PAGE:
The Real E-Publishing Story: It’s Not the Millionaires, It’s the Midlist
The folks at Puretextuality were gracious enough to let me do a guest blog posting about my take on the indie e-publishing revolution; if you get a chance, take a look at it. There’s one point in it that I wanted to expand upon:
There will be a lot more headlines to come about the big deals that happen because of indie e-publishing, the Amanda Hockings and the others who hit million-dollar jackpots with their ebooks. That’s great; god bless ‘em and more power to ‘em. News like that is going to attract a lot more attention to what’s going on with indie e-publishing.
But to my mind, the real story is what will increasingly be going on below the talented and fortunate writers who are hitting it big. And that’s the return of the midlist writer as an economically viable and long-term career, which is something we’ve seen get frozen out of the traditional publishing industry in our lifetimes.
Consider: A writer who builds up a faithful following of 10,000 readers is a nobody as far as the trad pubs are concerned. They’ve decided that he or she isn’t even worth bothering with — and given the horrible inefficiencies of the traditional publishing industry, they might be right about that. But if the 10k-fan writer sets herself or himself up as a cottage industry and indie e-pubs her or his book for $4.95 on Amazon (which is of course a bargain price compared to what the trad pubs price their ebooks at), she or he pockets nearly three-and-a-half bucks per copy sold. Times ten thousand, that’s $35,000 — lots of people live on less. (God knows I have.) If our 10k-fan writer does two books a year — which is certainly do-able; I wrote each of the first three books in my new Kim Oh thriller series in two weeks — now she or he is looking at $70k a year. Lots of people manage to live on that.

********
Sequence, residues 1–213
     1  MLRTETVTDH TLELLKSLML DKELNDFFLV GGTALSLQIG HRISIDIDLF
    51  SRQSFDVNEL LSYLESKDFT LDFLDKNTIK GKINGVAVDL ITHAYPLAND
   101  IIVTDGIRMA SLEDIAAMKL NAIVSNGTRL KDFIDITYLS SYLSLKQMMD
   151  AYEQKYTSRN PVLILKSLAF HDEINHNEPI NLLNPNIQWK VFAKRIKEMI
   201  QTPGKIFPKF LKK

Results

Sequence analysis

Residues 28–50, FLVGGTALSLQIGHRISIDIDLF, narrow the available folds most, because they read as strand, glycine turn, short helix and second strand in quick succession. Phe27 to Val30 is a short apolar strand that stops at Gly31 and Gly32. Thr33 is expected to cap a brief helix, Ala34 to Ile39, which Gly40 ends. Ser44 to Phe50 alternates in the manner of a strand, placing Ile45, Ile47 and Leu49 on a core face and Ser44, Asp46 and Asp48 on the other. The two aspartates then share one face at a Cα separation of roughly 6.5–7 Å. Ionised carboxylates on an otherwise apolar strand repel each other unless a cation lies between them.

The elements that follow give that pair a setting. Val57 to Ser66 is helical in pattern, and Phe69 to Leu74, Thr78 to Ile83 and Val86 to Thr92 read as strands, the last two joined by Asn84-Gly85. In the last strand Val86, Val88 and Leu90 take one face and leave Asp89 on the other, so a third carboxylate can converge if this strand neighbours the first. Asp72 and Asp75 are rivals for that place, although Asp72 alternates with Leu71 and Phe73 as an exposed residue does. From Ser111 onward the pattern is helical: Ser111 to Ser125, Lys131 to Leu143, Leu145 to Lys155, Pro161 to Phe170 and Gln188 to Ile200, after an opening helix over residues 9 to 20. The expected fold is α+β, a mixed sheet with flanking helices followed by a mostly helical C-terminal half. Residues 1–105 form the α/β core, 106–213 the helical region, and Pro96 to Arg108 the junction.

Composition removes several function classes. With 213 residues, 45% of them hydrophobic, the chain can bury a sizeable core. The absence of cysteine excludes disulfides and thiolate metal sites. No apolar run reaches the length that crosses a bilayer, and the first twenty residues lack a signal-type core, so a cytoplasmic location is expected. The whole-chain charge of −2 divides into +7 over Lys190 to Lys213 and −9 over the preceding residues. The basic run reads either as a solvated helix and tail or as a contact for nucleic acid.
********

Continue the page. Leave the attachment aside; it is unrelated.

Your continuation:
In other words, an e-pubbing writer with a readership number that wouldn’t even get her or him on the radar of the traditional publishing industry would very likely be able to do better and sustain her or his career for longer than would another writer with more readers, who stuck with the trad pubs for as long as she or he could.
And that’s the real indie e-publishing story. It might not make the headlines that the big deals will, but it’s the number of working writers making a living from their writing, not the number of millionaires, that is the genuine revolution in e-publishing.